In many Christian churches today, fasting has become a lost discipline, rarely discussed or practiced. Prayer and Fasting 101

Despite its current decrease in popularity, there are a host of reasons and benefits to prayer coupled with fasting. Let’s begin with a simple definition of what fasting is, and another of what fasting is not.
WHAT FASTING ISFasting is defined as voluntarily going without food and/or drink for a period of time in order to focus on deeper prayer and fellowship with God.
You can look at fasting as an exchange of physical needs for spiritual needs.
There are different ways to fast which we will cover later.
WHAT FASTING IS NOTFasting is not a special tool or method in which we manipulate God to respond like a genie in a bottle and grant our every wish.
Fasting is not just denying yourself food. As stated above, it’s an exchange of physical needs for spiritual ones. Fasting is not a diet.
What the Bible says: Scripture does not command Christians to fast. However the Bible mentions fasting numerous times as something that is good, beneficial and rewarding. I think it’s worth noting that although Jesus didn’t speak too much on fasting during His ministry, the one time that He gave specific instructions on fasting, in Matthew 6:5-18, He started by saying: “when you fast,” not “if you fast.”
The practice of fasting is mentioned in the Bible in response to various circumstances. Fasting was for repentance, as when the King of Nineveh ordered a fast after the preaching of Jonah (Jonah 3:5-9). Prayer and fasting was often done in times of distress or trouble. David fasted when he learned that Saul and Jonathan had been killed (2 Samuel 1:12).  We also find people fasting when God’s deliverance was needed, as when Jehoshaphat was approached by a large invading army (2 Chronicles 20:3).
Fasting is mentioned in the New Testament when Anna, the prophetess, is described as serving God day and night with fasting and prayers (Luke 2:37).  John the Baptist taught his disciples to fast (Mark 2:18). Paul and Barnabas prayed and fasted when they ordained elders in the Church (Acts 14:23). And Jesus Christ fasted 40 days and nights before facing Satan in an epic battle of spiritual will (Matthew 4:2).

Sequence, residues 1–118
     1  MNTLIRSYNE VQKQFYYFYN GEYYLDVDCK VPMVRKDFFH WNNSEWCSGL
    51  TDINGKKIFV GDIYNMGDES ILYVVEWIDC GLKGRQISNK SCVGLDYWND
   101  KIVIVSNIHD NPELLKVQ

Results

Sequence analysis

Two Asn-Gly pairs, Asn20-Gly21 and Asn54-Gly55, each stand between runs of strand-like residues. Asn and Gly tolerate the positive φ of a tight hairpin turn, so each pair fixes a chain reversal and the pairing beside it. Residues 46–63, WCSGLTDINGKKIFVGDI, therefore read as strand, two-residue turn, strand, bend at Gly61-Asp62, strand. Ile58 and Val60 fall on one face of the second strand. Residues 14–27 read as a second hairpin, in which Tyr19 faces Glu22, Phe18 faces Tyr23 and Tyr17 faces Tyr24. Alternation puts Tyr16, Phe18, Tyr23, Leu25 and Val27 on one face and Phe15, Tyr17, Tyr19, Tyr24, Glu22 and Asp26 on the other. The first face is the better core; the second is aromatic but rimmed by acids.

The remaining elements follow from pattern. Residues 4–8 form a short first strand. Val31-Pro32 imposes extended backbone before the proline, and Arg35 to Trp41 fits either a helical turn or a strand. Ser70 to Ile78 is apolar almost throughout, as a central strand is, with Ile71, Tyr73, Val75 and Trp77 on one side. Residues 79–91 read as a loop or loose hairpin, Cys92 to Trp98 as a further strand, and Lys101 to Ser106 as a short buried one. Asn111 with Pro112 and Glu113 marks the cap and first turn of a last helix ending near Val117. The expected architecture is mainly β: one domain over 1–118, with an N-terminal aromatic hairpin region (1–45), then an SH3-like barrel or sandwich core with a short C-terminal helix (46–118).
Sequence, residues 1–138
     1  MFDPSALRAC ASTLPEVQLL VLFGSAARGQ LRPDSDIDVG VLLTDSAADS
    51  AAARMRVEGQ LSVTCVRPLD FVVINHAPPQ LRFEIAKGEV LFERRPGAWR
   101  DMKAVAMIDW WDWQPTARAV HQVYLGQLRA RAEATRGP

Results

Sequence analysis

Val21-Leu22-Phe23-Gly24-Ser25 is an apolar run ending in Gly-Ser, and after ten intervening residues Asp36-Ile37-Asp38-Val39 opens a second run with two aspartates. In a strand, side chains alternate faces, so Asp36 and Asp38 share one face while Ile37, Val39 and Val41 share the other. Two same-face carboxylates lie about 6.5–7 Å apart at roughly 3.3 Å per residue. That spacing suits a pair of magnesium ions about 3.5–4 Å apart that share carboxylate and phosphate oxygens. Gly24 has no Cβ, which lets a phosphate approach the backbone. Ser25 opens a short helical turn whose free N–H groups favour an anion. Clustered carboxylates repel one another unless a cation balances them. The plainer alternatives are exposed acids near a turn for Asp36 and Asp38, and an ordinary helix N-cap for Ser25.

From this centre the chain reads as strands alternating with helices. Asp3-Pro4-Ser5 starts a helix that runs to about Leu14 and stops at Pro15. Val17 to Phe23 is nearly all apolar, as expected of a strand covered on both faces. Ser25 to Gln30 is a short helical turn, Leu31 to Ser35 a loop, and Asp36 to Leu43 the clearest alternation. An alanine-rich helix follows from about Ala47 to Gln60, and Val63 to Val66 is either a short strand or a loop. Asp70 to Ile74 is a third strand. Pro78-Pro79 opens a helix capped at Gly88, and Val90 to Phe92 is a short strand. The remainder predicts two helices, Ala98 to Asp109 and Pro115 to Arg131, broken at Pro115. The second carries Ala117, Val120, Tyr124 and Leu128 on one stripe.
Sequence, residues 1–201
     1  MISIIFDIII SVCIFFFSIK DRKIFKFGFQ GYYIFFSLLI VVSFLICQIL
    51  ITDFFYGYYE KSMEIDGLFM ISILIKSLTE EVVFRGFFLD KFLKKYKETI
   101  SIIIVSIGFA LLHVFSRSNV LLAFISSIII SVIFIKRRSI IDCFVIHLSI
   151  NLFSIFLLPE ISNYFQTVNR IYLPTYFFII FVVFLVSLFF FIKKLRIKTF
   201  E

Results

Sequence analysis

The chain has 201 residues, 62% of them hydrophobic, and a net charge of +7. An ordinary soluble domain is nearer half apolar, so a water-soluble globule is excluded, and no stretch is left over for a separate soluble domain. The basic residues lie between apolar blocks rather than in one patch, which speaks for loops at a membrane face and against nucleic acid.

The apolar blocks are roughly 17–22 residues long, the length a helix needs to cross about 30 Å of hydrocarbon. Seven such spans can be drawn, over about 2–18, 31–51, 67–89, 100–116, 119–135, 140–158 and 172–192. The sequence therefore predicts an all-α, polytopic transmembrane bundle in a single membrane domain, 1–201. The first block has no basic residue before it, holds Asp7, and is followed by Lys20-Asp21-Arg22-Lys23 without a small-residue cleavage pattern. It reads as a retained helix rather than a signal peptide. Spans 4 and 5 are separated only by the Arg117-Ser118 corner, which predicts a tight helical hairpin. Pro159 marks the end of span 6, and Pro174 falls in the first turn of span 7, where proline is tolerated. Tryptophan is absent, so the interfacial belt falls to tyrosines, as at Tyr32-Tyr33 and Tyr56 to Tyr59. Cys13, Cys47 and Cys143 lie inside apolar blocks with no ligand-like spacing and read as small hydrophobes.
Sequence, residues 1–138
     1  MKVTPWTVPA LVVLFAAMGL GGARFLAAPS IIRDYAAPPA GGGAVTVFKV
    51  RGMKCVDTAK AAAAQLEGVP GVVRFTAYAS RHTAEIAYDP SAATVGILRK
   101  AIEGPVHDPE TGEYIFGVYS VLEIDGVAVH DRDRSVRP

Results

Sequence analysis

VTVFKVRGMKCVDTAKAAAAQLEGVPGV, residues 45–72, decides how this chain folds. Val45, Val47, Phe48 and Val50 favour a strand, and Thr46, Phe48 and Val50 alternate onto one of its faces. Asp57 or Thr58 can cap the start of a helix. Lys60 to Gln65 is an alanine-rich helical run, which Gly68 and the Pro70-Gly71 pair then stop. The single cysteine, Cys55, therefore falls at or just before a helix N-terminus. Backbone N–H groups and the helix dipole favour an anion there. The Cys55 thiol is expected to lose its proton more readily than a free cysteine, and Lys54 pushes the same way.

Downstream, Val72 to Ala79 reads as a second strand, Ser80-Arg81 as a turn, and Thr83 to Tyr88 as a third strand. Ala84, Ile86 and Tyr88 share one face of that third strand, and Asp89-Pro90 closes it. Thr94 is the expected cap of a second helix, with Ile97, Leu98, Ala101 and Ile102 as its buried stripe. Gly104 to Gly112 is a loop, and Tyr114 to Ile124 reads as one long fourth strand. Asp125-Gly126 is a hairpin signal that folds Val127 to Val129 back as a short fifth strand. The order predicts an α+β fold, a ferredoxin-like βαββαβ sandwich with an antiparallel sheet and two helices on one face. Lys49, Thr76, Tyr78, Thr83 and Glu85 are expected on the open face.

Fasting helps us draw closer to God. We acknowledge through fasting that we need God to live more than food. It should help us break away from the desire to satisfy our own lusts and materialism, thereby desiring God in a new, fresh way. Fasting can help us understand what the Psalmist meant when  he wrote, “Like the deer that pants after water, my soul longs for You.” (Psalm 42:1)
Fasting fosters self-discipline in an undisciplined age. Have you noticed the age in which we live seems to despise discipline? We live in a very materialistic society where we are used to getting what we want rather quickly. It seems whether you live in an affluent country or poor one, the world today is becoming more and more interested in what their neighbor has. Even as far back as the 10 Commandments given to Moses, God talked about materialism and being satisfied with what you have.
Fasting provides a way to impose self-discipline in your life. Physical self-discipline “rubs off” into spiritual self-discipline.
Fasting provides guidance. “Paul and Barnabas also appointed elders in every church. With prayer and fasting, they turned the elders over to the care of the Lord, in whom they had put their trust.” (Acts 14:23)
The Israelites sought the Lord through fasting when they had been defeated in battle by the tribe of Benjamin in Judges 20:26-28.
Fasting shows humility and dependence upon God. King David was known as a man after God’s own heart. David shows us in Psalm 35:13 an example of humbling oneself before God.“Yet when they were ill, I grieved for them.  I denied myself by fasting for them, but my prayers returned unanswered.”